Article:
✍🏻 Professor Romance’s 5 ⭐️ Review: Hope Ellis’s Before and After You ✍🏻

Overall Grade: ⭐️ ⭐️ ⭐️ ⭐️ ⭐️

“Love, real love, requires you to have both hands open so you can receive it. It’s surrender, not control that opens us up to all the possibilities of what could be.”

To be vulnerable and open to love is difficult. It requires laying down a self-imposed shield so that another being has the opportunity to inhabit one’s soul. In doing so, people open themselves up to being hurt, but on the other side, they can manifest a soulful love beyond explanation. In much of romancelandia, whether you’re reading smut or articulate, intentional romance with a social conscience, this is the crux of the stories. It’s also the struggles we encounter in everyday love relationships. 

In Hope Ellis’s next book of The Leffersbee Series, Before and After You, this idea is underscored, highlighted, and evoked through the love-to-hate relationship of Leigh and Walker. This is Ellis’s second contribution to the SmartyPants Romance series, and it’s another impressive offering. I fell hard for Hope Ellis with her first book in this series, Been There Done That, the story of Nick and Zora (Walker’s sister and Leigh’s best friend and roommate). That book tugged at my heart and showcased the storytelling capabilities of Hope Ellis who had been a new author to me. At the end of that story, I was ready for Walker’s book, given his playboyish ways. For me, taking a character who is equal parts gentleman and f’boy and making him lovestruck is my FAVORITE characterization. However, Ellis adds Leigh to the mix: a warrior of a woman, ready to fight for what is right, but also who sports soul bruises from her former marriage. This means a story where both characters will have to overcome their baggage in order to find their happy ending. Usually, with this type of story, the love is fated and its depth is profound, and Hope Ellis’s Before and After You is a perfect representation of this; it’s heady, funny, and a representation of the best of BIPOC authorship. We need more stories from Hope Ellis and other authors like her.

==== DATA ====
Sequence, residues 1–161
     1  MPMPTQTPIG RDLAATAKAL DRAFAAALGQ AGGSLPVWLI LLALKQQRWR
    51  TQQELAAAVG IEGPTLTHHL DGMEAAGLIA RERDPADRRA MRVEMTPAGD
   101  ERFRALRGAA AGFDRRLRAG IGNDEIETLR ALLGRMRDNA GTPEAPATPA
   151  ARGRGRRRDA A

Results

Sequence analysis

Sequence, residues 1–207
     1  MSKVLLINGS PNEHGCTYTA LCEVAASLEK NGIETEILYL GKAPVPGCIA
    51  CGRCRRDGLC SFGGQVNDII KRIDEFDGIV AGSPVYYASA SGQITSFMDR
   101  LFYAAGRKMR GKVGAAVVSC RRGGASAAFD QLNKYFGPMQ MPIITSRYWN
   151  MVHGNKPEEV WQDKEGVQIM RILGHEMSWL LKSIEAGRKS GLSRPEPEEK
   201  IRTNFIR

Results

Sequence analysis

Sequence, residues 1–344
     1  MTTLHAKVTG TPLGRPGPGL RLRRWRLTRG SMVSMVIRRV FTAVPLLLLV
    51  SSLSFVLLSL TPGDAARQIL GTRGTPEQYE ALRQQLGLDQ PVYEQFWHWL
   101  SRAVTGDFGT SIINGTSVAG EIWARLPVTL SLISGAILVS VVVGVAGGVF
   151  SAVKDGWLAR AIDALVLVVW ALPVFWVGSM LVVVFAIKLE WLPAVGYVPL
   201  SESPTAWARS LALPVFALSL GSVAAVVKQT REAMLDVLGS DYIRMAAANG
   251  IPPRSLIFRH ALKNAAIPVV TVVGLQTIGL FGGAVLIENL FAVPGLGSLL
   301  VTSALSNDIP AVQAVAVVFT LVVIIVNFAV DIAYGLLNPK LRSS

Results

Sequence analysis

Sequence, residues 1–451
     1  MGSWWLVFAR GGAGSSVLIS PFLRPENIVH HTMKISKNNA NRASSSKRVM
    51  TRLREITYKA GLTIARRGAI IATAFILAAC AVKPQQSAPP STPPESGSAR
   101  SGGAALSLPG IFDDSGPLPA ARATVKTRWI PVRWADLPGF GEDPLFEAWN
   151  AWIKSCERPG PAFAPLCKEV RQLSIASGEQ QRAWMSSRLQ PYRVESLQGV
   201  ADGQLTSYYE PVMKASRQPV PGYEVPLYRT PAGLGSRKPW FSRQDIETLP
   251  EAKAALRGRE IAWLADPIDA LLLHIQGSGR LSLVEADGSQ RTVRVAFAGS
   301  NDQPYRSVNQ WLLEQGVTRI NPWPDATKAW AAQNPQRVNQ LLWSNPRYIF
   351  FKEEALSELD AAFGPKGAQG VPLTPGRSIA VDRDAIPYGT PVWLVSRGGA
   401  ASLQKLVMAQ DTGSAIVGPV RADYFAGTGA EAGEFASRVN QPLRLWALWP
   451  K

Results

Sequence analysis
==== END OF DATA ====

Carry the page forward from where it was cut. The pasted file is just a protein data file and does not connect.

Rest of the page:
What did I love about this story?

*For one, I adore a woman who fights for others. She tends to be the perfect mixture of sensitive and stalwart. Leigh absolutely embodies these traits, and her journey is an important one, as she must allow herself to become vulnerable with Walker in order to find her happy ending. Ellis has easily sculpted her into this story in ways that make her character sing across the page. 

*Walker is easily my favorite Leffersbee at this point. Don’t get me wrong. I still adore Zora, but Walker’s older brother leadership, his willingness to sacrifice his personal happiness for his family tradition, and his want to love Leigh well to his own detriment make him a hero who you can’t help but adore. 

*The familial connections of Walker and Leigh add more dimension to this story. I LOVE Pops and Leigh’s sister and brother-in-law. Her family adds compiclation to the story, and my heart hurt for her as my own similar hurts were embodied in Leigh’s story. 

*Even more important is the importance of stories from BIPOC authors such as Hope Ellis. It’s essential that they pervade romancelandia because a book such as Before and After You pulls back more of the curtain of the experiences of POC. The more we can read these stories, the more we can understand, and the more we can become better humans responding with empathy and care. Hope Ellis’s inclusion into the SmartyPants Romance is the best thing to happen for this brand.

Look, in a nutshell, Before and After You is a delight. It’s steamy, soulful, and holds a depth of character development and storytelling that spotlights the brilliance of Hope Ellis’s storytelling. If you haven’t grabbed this story yet, it should be the next book in your reading arsenal. 

In love and romance,


Professor A

Author:

I teach students to write for college. I love to read writers who write romance. Why not review and promote the writing of people who love to write romance? Win-win for me

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